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Downingtown Area School District

Long before beginning her position at Downingtown Area School District, Katherine Lawyer’s experience with school websites began when sites were built using only HTML, and users wrote code to update and manage their pages.

When she began her role as the systems and support administrator, Lawyer inherited the district’s website, which was designed and hosted by Blackboard and managed with Web Community Manager.

Some aspects of the processes were working fine, but Lawyer noticed a big contrast on the backend of the site. “We came to a place where the old site had aged; it had decayed,” Lawyer recalled. “We counted about 10,000 pages, and there were a lot of loops — It wasn't intuitive at all to me, and I've been in tech for 20 years!”

With a system that felt piecemealed together and an overgrown site map, Lawyer knew what changes needed to happen. She began to explore the district's requirements and interests in launching a new site and started the process of gaining community buy-in to make the switch from Web Community Manager to a new provider.

At a Glance

kids on a playground waving


Set in the heart of Chester County, Pennsylvania, Downingtown Area School District encompasses 16 schools and a K-12 cyber academy throughout one of the most populated municipalities in the state. DASD is home to over 13,000 students and is regarded as a top-rated district in Pennsylvania.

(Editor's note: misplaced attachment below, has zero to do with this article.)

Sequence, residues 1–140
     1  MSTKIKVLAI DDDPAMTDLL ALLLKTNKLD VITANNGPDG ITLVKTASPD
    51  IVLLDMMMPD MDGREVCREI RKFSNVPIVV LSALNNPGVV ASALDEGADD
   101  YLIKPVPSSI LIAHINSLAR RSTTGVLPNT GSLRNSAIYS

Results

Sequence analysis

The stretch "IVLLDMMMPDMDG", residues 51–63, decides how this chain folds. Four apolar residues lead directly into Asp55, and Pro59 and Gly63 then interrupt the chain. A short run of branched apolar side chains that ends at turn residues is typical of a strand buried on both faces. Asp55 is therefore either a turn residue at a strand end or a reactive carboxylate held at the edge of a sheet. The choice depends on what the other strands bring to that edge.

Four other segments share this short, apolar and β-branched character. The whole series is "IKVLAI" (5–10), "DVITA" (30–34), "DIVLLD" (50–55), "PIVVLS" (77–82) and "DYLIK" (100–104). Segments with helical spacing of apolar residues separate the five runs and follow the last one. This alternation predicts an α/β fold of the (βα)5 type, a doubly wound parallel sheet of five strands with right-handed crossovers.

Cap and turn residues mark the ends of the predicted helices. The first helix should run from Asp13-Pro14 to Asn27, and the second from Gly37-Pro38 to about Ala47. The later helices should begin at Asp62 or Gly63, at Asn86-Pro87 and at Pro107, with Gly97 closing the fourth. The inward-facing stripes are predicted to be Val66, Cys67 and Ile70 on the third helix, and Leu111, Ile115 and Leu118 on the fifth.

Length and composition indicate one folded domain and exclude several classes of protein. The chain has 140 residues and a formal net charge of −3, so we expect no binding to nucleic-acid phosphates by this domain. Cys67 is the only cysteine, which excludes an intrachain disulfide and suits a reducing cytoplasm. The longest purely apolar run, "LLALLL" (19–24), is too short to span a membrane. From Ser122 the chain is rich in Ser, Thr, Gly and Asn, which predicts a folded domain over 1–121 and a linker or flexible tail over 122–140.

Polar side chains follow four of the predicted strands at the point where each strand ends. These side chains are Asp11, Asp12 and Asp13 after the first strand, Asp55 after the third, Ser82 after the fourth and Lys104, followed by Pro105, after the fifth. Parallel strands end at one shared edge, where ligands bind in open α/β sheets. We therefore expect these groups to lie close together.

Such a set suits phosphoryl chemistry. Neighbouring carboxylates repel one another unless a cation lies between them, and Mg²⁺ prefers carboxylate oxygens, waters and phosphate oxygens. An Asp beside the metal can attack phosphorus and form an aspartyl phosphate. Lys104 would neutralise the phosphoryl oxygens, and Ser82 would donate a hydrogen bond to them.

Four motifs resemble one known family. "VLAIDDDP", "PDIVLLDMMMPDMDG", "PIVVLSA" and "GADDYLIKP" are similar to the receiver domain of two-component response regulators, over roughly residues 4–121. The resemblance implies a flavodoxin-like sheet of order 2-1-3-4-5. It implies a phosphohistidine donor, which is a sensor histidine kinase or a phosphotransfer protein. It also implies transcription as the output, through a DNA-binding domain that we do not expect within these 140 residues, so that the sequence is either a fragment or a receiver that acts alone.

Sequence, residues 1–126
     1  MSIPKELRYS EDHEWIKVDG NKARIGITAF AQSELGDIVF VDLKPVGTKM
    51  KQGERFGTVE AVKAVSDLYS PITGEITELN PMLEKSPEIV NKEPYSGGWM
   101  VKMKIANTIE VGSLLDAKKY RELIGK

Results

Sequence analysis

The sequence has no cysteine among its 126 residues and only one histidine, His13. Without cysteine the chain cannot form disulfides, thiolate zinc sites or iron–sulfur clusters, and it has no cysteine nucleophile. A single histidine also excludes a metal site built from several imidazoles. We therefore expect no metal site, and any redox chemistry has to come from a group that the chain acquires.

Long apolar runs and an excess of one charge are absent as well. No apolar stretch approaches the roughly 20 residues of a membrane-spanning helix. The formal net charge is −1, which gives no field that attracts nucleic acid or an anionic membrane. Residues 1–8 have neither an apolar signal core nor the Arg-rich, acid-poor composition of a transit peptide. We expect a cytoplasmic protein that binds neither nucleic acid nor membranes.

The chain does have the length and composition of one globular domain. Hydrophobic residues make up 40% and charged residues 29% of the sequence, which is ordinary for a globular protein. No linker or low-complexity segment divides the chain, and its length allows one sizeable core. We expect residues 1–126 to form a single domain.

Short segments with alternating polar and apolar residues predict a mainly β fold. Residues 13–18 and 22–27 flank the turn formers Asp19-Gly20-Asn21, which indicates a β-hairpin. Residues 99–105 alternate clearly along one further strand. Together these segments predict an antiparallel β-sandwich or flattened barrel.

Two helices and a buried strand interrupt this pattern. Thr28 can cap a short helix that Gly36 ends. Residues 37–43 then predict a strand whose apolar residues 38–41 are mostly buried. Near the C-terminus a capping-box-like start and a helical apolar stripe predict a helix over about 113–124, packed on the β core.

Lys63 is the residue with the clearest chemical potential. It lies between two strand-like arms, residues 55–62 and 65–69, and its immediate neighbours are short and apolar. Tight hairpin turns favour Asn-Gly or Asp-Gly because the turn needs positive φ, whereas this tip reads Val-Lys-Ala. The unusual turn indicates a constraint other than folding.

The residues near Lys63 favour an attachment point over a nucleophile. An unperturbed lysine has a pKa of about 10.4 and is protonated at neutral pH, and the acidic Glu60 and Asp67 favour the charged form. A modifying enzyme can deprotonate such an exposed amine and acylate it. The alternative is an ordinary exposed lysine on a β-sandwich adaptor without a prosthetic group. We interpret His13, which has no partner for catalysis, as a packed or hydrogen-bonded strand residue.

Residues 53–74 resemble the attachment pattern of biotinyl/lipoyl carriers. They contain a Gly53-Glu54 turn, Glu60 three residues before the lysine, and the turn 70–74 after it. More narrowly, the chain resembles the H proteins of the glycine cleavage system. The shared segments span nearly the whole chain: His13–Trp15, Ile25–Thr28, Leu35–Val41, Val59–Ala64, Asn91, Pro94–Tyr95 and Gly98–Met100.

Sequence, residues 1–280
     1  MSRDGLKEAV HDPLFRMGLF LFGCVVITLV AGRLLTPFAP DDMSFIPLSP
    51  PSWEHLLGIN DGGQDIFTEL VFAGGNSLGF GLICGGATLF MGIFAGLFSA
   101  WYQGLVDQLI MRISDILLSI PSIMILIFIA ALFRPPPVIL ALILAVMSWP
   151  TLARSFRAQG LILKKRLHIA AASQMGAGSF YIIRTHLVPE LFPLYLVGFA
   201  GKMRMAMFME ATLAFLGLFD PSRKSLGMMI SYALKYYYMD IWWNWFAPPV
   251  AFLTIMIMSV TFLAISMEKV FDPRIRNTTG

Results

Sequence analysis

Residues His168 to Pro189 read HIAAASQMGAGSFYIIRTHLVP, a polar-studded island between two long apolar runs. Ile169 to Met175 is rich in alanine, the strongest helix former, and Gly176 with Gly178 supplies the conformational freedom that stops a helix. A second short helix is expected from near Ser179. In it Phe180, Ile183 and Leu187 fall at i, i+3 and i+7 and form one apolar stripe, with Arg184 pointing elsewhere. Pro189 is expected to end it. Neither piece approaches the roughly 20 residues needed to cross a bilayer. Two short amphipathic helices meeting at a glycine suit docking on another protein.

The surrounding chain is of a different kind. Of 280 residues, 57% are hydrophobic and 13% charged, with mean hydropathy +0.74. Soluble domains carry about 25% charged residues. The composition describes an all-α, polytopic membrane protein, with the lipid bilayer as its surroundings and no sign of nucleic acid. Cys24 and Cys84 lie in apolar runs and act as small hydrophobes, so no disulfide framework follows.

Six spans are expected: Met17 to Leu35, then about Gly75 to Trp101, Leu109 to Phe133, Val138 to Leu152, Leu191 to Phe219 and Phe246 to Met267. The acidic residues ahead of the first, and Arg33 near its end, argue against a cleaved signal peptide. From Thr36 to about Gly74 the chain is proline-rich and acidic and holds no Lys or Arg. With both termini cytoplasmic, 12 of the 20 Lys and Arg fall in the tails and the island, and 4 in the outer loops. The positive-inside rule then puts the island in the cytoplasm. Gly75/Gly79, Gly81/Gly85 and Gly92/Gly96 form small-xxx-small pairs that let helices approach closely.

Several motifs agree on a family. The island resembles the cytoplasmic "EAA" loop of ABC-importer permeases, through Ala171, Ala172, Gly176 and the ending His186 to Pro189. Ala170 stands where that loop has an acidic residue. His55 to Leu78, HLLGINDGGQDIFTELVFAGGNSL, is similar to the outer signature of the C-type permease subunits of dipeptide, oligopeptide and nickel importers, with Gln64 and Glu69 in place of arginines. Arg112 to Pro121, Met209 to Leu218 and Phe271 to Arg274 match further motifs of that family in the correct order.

The first step Lawyer took was to create a working team to review, vet, and propose which website vendors the districts would consider for their new provider. The core team was comprised of members of the district’s communications office, tech department, and other stakeholders, which reviewed features and offerings, and met with and reviewed a number of vendor proposals to find the best match for their district’s needs.

After Lawyer and her team narrowed down their options, they created a scoring rubric to grade each of the providers, but having worked at a previous school district who used Finalsite’s CMS, Composer, Lawyer knew more and more districts were following that path.
One of the major considerations for Lawyer and the district was for their new website to be ADA compliant and offer accessibility features. “Not all hosts have that, or they say they do, and it's just not quite what was expected,” Lawyer said. For DASD, the ability to layer ADA compliance with AudioEye was critical, as they wanted their new website to offer a truly accessible and equitable experience for users.

“Ultimately, we chose Finalsite, but to get to that decision we had to bring in more stakeholders.” The team presented their proposal to director-level leadership, the superintendent, and the board of directors. “We presented the option and the data, and the feedback throughout the whole process.” Finalsite’s ability to provide powerful built-in accessibility features and AudioEye, Lawyer shared, was “a big home run.”

The proposal was approved, and DASD prepared to partner with the Finalsite. The question remained: How does a district prepare to migrate thousands of pages of content and train hundreds of users?

Change can be difficult

Rather than migrate every page from Blackboard to Finalsite, DASD reimagined their site from the ground up. “The reason we did that is because the Blackboard website had not even received a facelift in more than seven years — there was no way we could just migrate that data, so we started from scratch.”

students rehearsing with trumpets